Circular dish  "Hôi An"


Vietnam, mid. 15th century, private collection from Finland.

Hội An Wreck lies 22 miles off the coast of central Vietnam in the South China Sea, at 16.04°N 108.6°E approximately. It sank in typhoon area known as “Dragon Sea” and has been named after the nearby town of Faifo, known in modern geography as Hội An. The ship was carrying a large cargo of Vietnamese ceramics from the mid- to late-15th century. The provenance of the pieces was known to be the kilns of the Red River Delta (Vietnamese: Châu thổ sông Hồng), such as Chu Dau in the Hai Duong province, modern North Vietnam. Hai Duong was known as the largest ceramics production centre in Medieval Vietnam. The only pieces remaining at the kiln sites were wasters (pieces that had fused, collapsed or exploded in the firing process). Intact examples of the wares produced were rare, since all were exported.

Discovered by fishermen in the early 1990s, the Vietnamese government made several attempts to organise an investigation of the site but were confounded by the water depth of 230 feet (70 m). Found by fishermen in the 1993 and eventually excavated in 1996-2000, the Hoi An shipwreck is one of the greatest archaeological finds of the late 20th century. When the wreck was found there was excitement among collectors and archaeologists, for it promised the first cargo consisting solely of Vietnamese wares. According to the contract with the Vietnamese government, all pieces unique to the cargo were retained by Vietnam's museums for display along with 10% of the repetitive pieces. The remaining 90% was sold at auction in 2000 by Butterfields in San Francisco, USA with the Vietnamese Salvage Agency, Saga Horizon and the Vietnamese Ministry of Culture dividing any money made. The project partners were: Oxford University MARE, Saga Horizon, Vietnam National Salvage Agency (VISAL) and the National History Museum (Hanoi).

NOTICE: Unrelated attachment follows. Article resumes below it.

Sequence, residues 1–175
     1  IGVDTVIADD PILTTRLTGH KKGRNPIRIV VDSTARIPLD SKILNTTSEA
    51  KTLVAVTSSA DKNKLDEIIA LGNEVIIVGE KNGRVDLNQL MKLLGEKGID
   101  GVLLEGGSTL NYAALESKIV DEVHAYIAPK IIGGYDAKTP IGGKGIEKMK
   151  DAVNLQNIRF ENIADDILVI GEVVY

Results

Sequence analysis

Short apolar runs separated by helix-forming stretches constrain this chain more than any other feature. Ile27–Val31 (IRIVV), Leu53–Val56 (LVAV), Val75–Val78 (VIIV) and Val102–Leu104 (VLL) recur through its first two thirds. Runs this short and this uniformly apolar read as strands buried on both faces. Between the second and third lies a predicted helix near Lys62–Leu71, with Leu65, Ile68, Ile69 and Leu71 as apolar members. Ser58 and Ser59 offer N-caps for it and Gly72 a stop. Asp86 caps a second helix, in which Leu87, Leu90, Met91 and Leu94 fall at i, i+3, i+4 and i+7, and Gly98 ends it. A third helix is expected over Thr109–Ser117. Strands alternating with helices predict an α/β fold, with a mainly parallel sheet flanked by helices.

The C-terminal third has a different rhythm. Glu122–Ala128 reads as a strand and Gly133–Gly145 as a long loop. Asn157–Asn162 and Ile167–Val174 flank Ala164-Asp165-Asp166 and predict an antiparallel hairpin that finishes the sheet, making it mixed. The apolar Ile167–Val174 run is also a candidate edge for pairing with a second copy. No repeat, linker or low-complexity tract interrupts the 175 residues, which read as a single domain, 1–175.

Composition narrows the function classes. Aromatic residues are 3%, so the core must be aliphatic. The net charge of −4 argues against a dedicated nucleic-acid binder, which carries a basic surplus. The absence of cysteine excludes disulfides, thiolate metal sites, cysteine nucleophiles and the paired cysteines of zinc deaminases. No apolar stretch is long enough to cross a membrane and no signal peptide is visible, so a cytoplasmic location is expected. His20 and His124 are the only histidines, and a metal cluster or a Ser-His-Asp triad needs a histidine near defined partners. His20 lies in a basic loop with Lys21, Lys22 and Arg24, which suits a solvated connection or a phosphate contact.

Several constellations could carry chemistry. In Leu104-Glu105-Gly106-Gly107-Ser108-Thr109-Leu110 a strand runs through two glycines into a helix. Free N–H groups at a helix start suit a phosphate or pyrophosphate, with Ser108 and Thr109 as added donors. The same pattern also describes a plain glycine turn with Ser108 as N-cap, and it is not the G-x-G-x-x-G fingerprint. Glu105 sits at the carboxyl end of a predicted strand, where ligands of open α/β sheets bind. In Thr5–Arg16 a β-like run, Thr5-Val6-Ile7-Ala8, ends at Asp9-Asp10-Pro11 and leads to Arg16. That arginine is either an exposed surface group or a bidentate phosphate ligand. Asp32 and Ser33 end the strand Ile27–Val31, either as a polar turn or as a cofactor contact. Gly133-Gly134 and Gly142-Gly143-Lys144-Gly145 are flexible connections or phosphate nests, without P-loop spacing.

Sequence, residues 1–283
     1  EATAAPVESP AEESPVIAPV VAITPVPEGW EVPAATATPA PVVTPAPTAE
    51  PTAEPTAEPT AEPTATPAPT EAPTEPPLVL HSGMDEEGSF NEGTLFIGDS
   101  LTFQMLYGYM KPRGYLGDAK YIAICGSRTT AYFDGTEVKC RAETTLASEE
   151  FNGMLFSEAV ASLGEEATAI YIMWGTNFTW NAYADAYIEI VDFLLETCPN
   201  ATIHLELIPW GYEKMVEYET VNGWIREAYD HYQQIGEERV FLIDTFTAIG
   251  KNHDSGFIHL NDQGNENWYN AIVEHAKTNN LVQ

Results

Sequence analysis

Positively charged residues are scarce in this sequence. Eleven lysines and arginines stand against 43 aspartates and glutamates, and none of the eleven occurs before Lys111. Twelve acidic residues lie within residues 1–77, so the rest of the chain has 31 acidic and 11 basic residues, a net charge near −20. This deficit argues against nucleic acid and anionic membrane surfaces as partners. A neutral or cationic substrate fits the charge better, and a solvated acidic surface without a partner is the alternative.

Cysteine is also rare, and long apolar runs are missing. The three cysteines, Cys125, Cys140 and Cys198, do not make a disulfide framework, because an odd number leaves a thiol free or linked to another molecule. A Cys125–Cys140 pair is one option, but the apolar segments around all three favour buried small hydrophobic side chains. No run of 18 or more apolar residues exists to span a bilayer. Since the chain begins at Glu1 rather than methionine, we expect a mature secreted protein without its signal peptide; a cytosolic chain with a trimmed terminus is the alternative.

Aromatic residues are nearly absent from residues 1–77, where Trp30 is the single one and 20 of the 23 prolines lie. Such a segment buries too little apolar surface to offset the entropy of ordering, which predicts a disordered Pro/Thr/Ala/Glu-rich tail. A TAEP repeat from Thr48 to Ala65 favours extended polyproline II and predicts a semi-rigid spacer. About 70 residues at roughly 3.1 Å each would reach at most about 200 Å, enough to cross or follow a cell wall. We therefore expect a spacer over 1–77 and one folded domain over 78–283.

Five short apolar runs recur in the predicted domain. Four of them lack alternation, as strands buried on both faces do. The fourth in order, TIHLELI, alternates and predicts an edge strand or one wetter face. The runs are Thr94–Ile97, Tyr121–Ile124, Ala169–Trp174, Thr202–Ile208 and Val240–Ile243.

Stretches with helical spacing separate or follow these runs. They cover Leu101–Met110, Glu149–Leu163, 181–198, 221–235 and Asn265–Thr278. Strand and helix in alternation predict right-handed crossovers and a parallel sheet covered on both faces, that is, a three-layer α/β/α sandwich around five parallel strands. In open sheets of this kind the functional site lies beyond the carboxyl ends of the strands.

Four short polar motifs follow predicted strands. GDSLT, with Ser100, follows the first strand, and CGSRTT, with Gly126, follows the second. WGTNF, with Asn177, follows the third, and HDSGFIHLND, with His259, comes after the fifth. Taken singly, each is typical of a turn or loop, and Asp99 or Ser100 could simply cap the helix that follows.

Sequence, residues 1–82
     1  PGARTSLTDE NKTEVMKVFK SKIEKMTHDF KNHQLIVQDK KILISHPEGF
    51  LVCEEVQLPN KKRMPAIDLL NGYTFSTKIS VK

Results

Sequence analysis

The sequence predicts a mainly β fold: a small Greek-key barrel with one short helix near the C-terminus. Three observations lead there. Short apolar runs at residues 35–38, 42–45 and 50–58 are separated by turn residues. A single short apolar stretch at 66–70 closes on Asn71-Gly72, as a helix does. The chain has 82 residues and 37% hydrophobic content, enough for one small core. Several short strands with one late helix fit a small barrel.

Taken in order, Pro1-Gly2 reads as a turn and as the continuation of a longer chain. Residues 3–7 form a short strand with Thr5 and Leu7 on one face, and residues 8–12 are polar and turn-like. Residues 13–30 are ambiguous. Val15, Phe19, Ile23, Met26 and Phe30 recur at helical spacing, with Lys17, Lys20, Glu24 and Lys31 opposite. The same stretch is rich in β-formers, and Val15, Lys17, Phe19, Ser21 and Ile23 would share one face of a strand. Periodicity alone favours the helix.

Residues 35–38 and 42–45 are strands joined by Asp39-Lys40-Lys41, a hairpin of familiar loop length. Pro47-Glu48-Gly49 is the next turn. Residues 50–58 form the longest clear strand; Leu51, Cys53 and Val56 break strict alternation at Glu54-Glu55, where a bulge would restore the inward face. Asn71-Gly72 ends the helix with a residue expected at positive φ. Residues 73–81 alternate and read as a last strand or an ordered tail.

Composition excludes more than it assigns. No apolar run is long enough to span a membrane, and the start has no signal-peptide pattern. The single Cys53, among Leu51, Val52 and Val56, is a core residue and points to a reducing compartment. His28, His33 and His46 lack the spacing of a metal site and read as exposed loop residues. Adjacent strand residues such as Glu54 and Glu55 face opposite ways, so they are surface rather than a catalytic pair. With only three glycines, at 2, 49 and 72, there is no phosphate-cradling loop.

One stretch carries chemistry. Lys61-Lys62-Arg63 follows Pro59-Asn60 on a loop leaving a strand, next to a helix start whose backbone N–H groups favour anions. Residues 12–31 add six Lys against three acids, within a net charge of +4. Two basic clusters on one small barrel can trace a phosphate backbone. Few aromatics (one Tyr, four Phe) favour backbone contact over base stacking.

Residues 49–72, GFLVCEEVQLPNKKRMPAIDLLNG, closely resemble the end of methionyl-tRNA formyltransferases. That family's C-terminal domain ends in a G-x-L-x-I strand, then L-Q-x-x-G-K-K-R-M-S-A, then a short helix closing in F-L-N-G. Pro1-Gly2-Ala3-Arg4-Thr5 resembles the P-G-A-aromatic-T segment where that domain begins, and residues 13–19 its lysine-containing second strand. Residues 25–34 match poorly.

A fine blue and white porcelain glazed dish decorated with a beautiful peony design and surrounded by a border of blue and white foliage. The exterior depicts decorative petal lappets enclosed with scrolls. Excellent condition. Age-related wear, minor abrasion. Fritting and glazing flaws in the rim. Lovely patina. Size approx. 23,4cm x 23,1cm x 5,4cm. Weight c. 714g.

NB! Complete with original HOI AN HOARD inventory lot number (sticker). This piece has been officially recorded by the Vietnamese authorities (VISAL) whose stickers are affixed. Number: 172265.

References, sources and citations:

Vietnamese Ceramics from the Hoi An Excavation: The Cu Lao Cham Ship Cargo, John Guy, Orientations, Sept. 2000.

Vietnamese Ceramics – New Discoveries, John Guy, in Butterfields (ed.), Treasures from the Hoi An Hoard: Important Vietnamese Ceramics from a Late 15th/Early 16th Century Cargo, (San Francisco: Butterfields), XII–XIX, 2000.

Dragon Sea: A True Tale of Treasure, Archeology, and Greed off the Coast of Vietnam, Frank Pope, 2007.

Maritime Archaeology in Southeast Asia, in John Miksic (ed.), Southeast Asian Ceramics: New Light on Old Pottery, (Singapore: Southeast Asian Ceramic Society), pp. 35–47